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Deep Learning Requires A New Acceleration Method
We’re in the middle of a vast technological revolution, which is transforming life as effectively as the industrial revolution did in the 19th century. Deep neural learning models are changing every aspect of our lives.
We can’t underestimate how vital deep learning is to emerging technologies. For example, deep learning (DL) models are the core of visual recognition tasks like object classification, detection and tracking, pixel-level semantic segmentation, and the recognition of visual relationships in images and videos. These tasks are central to capabilities such as autonomous driving, security control and monitoring, automated shopping like Amazon Go, medical diagnostics, and more.
In the words of Stanford professor and Coursera co-founder Andrew Ng, deep neural learning models are like the new electricity, changing entire industries and creating new possibilities.
“Just as electricity transformed almost everything 100 years ago, today I actually have a hard time thinking of an industry that I don’t think AI will transform in the next several years.”
— Andrew Ng
Deep Learning Relies on Costly Hardware, Training Sets, and Expertise
Today, there are thousands of technology ventures that rely on this new electricity. Most of them are startups that are investing substantial resources building deep neural models. This is a process that requires considerable expertise and involves multiple steps, including model design, training, quality testing, deployment, service and periodic fitting, and revisions.
Every startup wants high-quality models that are fast, accurate, and reliable. But creating and deploying these models can be both expensive and time-consuming. If the model needs to work on very large training sets or is run on a small device with limited memory, then costs and timeframe rise.
Once a model has been trained, data scientists can create an application based on the model and put it into operation. For example, a bank might create an application that recognizes customer images from a security camera feed. In this case, the process of assessing each image is termed model inference. The bank wants this to happen as quickly as possible, which means reducing latency (the time it takes to perform the task). They also want to keep energy consumption to a minimum to decrease costs.
Latency and energy consumption are tightly related, and both depend heavily on the model’s architectural complexity. The more complex the model, the higher the latency. Bringing down the latency requires increasing energy consumption to provide more compute power, which in turn raises the costs. But costs are not the only consideration. There are certain applications that require real-time inference, such as imaging applications for autonomous cars; if the latency is too high, the entire application can be disqualified.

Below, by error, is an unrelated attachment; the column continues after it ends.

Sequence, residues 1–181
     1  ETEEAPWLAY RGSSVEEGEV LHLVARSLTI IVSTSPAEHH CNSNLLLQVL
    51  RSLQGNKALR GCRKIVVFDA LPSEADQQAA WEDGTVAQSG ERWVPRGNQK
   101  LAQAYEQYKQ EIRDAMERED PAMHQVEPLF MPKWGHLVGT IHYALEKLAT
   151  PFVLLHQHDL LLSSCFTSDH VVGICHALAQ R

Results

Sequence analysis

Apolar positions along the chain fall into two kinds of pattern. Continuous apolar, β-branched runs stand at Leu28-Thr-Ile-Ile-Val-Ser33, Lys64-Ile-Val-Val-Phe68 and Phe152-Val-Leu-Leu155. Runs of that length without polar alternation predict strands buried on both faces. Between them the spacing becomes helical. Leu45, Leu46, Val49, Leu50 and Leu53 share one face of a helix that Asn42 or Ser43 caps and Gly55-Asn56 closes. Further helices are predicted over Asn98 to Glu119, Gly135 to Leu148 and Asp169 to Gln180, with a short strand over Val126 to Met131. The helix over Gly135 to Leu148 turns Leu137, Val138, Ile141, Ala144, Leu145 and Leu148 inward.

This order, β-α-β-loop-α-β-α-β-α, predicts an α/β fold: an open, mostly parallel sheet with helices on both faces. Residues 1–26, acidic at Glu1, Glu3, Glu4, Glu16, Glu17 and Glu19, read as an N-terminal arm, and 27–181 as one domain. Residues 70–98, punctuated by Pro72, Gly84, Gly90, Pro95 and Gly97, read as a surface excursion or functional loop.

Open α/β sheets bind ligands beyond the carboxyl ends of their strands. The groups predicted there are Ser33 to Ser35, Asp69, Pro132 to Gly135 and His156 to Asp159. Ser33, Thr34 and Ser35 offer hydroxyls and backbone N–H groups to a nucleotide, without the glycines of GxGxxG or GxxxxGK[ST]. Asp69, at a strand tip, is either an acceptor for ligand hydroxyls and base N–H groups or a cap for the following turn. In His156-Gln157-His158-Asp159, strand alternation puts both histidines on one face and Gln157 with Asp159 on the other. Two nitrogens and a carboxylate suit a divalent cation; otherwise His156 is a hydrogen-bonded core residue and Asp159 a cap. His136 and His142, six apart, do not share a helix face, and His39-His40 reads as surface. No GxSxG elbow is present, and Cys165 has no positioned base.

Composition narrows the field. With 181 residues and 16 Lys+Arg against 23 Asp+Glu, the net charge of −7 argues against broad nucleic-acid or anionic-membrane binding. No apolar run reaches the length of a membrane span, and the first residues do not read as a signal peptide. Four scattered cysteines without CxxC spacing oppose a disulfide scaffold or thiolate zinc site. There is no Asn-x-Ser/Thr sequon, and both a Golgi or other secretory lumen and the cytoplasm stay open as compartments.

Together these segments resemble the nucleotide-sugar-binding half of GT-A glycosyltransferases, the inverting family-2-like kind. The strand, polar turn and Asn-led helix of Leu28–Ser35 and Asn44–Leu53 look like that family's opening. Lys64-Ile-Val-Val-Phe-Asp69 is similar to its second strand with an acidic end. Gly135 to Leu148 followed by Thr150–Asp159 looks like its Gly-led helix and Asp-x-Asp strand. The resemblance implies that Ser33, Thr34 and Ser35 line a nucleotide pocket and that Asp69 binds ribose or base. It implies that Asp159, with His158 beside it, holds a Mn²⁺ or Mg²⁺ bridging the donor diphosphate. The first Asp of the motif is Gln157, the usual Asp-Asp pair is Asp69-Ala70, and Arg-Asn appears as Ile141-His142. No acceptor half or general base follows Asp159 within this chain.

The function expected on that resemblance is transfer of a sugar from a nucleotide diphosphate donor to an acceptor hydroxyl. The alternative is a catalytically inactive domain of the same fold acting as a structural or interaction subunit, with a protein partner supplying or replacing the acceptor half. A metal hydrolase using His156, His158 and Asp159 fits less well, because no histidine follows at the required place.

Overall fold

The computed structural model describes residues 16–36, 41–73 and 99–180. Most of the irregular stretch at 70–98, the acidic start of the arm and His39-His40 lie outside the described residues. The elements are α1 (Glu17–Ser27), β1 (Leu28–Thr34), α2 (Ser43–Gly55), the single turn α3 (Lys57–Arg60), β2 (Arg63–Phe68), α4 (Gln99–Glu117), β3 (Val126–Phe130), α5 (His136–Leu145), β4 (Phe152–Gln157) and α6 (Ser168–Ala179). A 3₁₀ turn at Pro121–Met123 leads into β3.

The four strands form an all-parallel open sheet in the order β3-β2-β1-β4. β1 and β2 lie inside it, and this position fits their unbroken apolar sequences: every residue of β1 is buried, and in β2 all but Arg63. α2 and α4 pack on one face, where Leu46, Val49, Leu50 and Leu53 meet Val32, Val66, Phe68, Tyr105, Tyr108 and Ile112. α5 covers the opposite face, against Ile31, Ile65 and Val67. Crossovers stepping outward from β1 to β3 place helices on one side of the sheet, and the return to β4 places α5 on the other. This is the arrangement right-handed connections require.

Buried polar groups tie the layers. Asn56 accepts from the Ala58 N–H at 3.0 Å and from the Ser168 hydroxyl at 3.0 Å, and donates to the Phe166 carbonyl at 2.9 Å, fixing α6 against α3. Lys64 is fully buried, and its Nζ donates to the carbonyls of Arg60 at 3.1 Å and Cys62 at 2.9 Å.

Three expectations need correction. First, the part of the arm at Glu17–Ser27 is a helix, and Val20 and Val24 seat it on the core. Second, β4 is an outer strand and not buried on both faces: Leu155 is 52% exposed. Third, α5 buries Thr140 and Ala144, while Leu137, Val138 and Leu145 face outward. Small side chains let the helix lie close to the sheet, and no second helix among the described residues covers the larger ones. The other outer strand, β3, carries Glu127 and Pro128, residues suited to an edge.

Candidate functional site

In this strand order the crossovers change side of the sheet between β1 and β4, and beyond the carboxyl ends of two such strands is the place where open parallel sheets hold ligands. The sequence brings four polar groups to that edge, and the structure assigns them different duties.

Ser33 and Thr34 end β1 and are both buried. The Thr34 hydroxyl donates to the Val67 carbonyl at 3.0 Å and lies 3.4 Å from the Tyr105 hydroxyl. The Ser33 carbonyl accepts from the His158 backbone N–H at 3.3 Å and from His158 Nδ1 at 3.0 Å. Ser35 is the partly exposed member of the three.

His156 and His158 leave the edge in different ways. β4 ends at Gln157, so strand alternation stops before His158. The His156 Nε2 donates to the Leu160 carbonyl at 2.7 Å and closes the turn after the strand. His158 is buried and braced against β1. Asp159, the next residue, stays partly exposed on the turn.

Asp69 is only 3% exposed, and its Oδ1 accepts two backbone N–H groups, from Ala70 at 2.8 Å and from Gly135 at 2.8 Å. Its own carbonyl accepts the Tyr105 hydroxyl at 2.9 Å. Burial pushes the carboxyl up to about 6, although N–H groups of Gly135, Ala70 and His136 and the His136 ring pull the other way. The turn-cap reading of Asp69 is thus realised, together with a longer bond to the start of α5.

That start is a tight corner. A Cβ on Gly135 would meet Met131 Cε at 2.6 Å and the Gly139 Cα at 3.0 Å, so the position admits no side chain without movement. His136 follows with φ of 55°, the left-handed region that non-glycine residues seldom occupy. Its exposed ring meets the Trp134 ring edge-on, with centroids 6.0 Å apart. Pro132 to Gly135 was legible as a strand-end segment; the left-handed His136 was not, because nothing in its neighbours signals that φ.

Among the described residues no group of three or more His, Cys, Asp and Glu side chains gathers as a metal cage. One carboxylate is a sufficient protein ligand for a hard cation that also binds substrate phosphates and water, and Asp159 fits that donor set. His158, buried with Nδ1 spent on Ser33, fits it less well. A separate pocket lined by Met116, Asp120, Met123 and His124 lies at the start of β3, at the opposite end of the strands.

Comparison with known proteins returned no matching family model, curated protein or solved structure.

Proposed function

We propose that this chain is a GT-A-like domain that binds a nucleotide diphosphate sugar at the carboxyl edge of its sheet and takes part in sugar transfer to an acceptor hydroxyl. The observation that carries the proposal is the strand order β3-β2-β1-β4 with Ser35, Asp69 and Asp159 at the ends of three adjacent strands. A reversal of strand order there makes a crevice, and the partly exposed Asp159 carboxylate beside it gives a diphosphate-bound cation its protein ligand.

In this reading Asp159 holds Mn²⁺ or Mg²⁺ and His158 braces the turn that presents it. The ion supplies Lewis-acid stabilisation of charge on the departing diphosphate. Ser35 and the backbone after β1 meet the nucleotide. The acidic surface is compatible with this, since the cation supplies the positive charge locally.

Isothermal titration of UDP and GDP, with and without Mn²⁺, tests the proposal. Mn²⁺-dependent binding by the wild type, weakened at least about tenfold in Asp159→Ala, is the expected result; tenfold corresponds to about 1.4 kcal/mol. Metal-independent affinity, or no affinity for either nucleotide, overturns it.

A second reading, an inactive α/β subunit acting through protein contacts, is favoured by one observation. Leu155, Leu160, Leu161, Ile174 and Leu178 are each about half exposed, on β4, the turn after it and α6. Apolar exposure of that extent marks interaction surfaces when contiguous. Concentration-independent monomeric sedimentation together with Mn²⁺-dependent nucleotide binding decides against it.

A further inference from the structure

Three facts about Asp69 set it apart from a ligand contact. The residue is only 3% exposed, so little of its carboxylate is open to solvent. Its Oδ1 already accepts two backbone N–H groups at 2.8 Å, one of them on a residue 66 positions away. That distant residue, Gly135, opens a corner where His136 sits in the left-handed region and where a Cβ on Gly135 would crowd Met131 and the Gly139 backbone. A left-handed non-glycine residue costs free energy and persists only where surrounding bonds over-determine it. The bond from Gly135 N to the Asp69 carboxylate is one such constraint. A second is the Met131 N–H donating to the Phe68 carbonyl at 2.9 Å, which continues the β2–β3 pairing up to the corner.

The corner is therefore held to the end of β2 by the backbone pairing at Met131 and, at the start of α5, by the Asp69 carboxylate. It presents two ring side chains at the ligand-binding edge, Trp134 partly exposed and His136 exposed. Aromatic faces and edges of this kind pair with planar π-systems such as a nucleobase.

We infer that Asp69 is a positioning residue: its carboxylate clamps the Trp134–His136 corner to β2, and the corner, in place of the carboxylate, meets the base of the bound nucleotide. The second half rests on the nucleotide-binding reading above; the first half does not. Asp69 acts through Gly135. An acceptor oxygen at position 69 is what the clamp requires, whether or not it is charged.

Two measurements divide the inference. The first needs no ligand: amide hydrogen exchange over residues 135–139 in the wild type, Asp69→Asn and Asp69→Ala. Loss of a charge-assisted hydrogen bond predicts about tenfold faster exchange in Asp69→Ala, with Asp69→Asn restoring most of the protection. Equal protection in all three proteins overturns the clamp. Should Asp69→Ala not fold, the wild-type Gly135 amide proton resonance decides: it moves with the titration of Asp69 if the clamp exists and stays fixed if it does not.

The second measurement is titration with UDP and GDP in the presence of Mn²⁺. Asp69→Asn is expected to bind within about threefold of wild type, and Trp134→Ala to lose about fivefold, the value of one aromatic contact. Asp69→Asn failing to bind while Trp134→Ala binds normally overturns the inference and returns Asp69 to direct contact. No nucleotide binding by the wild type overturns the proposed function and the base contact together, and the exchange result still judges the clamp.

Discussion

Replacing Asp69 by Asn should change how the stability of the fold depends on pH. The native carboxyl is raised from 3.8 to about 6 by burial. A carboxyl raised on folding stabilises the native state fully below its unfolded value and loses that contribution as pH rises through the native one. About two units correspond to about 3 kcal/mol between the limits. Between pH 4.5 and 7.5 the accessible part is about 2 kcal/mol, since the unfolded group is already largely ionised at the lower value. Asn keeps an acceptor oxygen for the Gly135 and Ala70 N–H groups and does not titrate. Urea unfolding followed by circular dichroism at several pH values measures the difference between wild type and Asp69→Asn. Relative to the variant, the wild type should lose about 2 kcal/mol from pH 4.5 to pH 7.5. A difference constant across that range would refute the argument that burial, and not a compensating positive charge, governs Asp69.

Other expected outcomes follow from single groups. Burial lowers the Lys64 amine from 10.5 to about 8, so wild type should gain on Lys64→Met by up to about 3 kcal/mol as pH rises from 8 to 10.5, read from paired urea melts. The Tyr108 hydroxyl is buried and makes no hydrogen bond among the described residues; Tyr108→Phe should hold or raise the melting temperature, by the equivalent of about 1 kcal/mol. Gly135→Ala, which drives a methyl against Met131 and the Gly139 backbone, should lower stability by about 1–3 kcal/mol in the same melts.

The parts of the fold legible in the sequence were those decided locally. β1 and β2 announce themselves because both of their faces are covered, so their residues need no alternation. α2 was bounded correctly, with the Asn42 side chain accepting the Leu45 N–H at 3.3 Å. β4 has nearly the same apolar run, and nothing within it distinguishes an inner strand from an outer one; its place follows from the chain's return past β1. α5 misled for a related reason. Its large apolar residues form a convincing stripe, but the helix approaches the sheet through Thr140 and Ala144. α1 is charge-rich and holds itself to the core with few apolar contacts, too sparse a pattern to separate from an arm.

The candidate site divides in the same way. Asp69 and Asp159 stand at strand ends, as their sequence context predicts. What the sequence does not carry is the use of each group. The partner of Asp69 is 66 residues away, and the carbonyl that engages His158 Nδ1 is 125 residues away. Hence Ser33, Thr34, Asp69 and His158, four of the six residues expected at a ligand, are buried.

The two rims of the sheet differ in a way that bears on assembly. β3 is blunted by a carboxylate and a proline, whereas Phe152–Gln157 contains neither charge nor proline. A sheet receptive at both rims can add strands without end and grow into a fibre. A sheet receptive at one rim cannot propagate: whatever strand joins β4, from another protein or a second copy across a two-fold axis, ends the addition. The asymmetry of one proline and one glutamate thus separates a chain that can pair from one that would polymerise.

Latency and Costs Need to Improve in Order to Advance Deep Learning
DL models require a combination of customized hardware and software frameworks to reach the necessary performance requirements. Today, most DL models are trained and run on graphical processing units (GPUs), which distribute the computation across thousands of small computing cores in order to provide enough power to accelerate DL performance.
There are a number of other DL hardware accelerators on the market or under development, including Google’s tensor processing unit (TPU); Intel’s Goya, Movidius, Nervana, and Mobileye chips; AWS, Cerebras, Graphcore, Groq, Gyrfalcon, Horizon Robotics, Mythic, Xilinx, Nvidia, and AMD.
Deep learning engineers can also use various software compression techniques to speed up inference. Some of the most popular include weight pruning and quantization, which are effective at cutting latency but often drag down accuracy in exchange. Ideally, an accelerator should be able to speed up inference and cut down latency without sacrificing accuracy.
AutoNAC: The New Accelerator
To that end, we created a new acceleration method termed Automated Neural Architecture Construction (AutoNAC). AutoNAC uses a constrained operation process, leveraging information embedded in the original model to reduce latency while preserving accuracy. It creates a new model made up of a collection of smaller, related models whose overall functionality closely approximates the given model. The new model executes in a fresh architecture space that’s optimized for the hardware.
The AutoNAC accelerator is a data-dependent algorithmic solution that works in parallel with existing compression techniques like pruning and quantization. It requires a user-trained deep neural network and a dataset as input, together with access to an inference platform. AutoNAC then redesigns the neural network to derive an optimized architecture with latency that’s between 2 and 10 times lower than previously, but without compromising on prediction accuracy. AutoNAC’s optimizations can immediately enable real-time applications, and deliver considerable reductions in operating costs for cloud deployments.
This article was first published here.
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